Newspaper Archive of
Heritage Florida Jewish News
Fern Park , Florida
Lyft
February 27, 2009     Heritage Florida Jewish News
PAGE 21     (21 of 24 available)        PREVIOUS     NEXT      Full Size Image
 
PAGE 21     (21 of 24 available)        PREVIOUS     NEXT      Full Size Image
February 27, 2009
 

Newspaper Archive of Heritage Florida Jewish News produced by SmallTownPapers, Inc.
Website © 2019. All content copyrighted. Copyright Information.     Terms Of Use.     Request Content Removal.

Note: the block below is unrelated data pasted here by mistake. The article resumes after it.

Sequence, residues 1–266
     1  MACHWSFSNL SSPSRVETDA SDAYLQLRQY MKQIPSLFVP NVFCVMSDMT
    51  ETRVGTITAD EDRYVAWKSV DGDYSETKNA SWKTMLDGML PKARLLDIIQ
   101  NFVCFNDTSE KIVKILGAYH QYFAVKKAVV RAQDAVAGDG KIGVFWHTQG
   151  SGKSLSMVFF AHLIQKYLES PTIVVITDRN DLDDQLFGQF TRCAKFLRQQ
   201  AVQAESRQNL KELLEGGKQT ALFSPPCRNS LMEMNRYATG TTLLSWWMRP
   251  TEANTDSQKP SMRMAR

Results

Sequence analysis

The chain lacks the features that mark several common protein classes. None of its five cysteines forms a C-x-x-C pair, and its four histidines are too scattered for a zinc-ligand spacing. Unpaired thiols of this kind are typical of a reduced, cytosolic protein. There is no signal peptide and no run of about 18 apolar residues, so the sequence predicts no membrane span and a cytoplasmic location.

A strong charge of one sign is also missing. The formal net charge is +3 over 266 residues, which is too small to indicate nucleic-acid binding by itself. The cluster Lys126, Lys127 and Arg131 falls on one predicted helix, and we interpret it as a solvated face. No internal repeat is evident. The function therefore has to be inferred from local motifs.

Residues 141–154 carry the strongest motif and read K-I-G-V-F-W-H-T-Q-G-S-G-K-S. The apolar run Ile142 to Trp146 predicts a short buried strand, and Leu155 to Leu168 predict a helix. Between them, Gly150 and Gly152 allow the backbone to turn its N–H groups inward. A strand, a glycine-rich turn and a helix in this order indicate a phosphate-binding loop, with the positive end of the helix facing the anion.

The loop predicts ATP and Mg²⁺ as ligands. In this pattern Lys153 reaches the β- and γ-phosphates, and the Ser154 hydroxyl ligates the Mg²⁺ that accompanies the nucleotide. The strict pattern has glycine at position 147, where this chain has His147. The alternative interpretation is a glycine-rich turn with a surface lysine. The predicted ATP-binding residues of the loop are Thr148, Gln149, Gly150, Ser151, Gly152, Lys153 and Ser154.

HERITAGE FLORIDA JEWISH NEWS, FEBRUARY 27, 2009 By Stacey Palevsky j. the Jewish weekly of northern california SAN FRANCISO--By all accounts, this is not the kind of Saturday that calls people to the woods. No, on this particular Sat- urday-overcast, foggy, rainy, wet, dreary--the weather de- mands a sweater and a mug of tea, pajama pants and slippers. Certainly not hiking boots. But if you are the Geduldig family, you fight the urge to hibernate, and instead don thick socks, hiking shoes and raincoats, pack an arsenal of snacks and a variety of water bottles, and load your two young sons into the Honda CRV for an afternoon outside. Why? Because for this fam- ily, Saturday is not just Sat- urday. Nor is it just Shabbat. It's Nature Day. Every Saturday for the past year, Lauraand Paul Geduldig have taken their sons, Elijah, 4, and Gabriel, 18 months, to regional and state parks around the Bay Area in an effort to heighten their rela- tionship to the natural world, Jewish values and each other. "This is one of the things I feel most proudofdoing in my wholelife," Laura says. Nature Day was inspired by aseries of conversations Laura and Paul had during their annual New Year's getaway in January of lastyear. At Harbin Hot Springs near Calistoga, away from the harried pace ! I i i Nature's sanctuary: Weekly sojourns make Shabbat more meaningful for one family of daily life, they talked about wanting to make the year different. Less stressed. More fulfilling. "We were so oversched- uled," Paul says. "We spent the weekend running from place to place, and we'd end the weekend more exhausted than we began it." The following week, they took a family vacation to San Diego, visiting Legoland and Sea World with their boys. But something was missing from those outings. "Nature was missing," Laura says. Laura, a life coach, and Paul, executive director at Oakland's Temple Sinai, both wanted to observe Shabbat more regularly, but in a way that would be meaningful for their family. They already made Shabbat dinner and lit candles every Friday, but they wanted to do something else special on Saturday. They also agreed they needed more time and space away from e-mail, cell phones and commerce. They decided they could achieve their goals by creating--and, more im- portantly, committing to-- Nature Day. "We're following the an- cientwisdom of Shabbat--not to the letter of the law, but to the spirit of it," Laura says. "Yes, we drive [to the woods], but we're not destr6ying, we're not creating and we're not spending money, which is similar to the traditional rules of Shabbat." Early on, they established guidelines for Nature Day. It can be moved to Sunday only in the event of hella- cious Saturday weather or a best friend's birthday party. Otherwise, they RSVP "no" to birthday parties, trips to the museum or tickets to a kid-friendly performance. "We had to put a wall around it, and at times that's challenging, But it's really worth it," Laura says. Neither friends nor col- leagues are allowed to tag along. Longtime friend Barbara Rosenstein initially wanted to join the family for Nature Day before she knew about their intention. "Americans today do not have enough family time, and so I can completely honor and respect that they're trying to do this as afamily," she says. The final rule: Nature Day is canceled only in the event of illness or some other emer- gency. Even when they go out of town (to visit Paul's family in Atlanta, for instance), they find a trail there. "If we don't do this for us," Laura says, "sometimes we feel like we're splintering in four differe directions." Laura sees the pursuit of wild spaces for her family as in sync with her work as a life coach, through which she empowers people to make big or incremental changes in their lives. Nature on page 7B PAGE 5B Stacey Palevsky "There is a pleasure in the pathless woods..."--Lard Byron, "Chiide Harold's Pilgrimage" Paul and Laura Geduldig and four-year-old Elijah and 18-month-old Gabriel enjoy a "Nature Day Shabbat" in Harbin Hot Springs, Calif. Stacey Palevsky "Long live the weeds and the wilderness yet."--Gerard Manley Hopkins, "Inversnaid., The Geduldigs wind their way through the woods.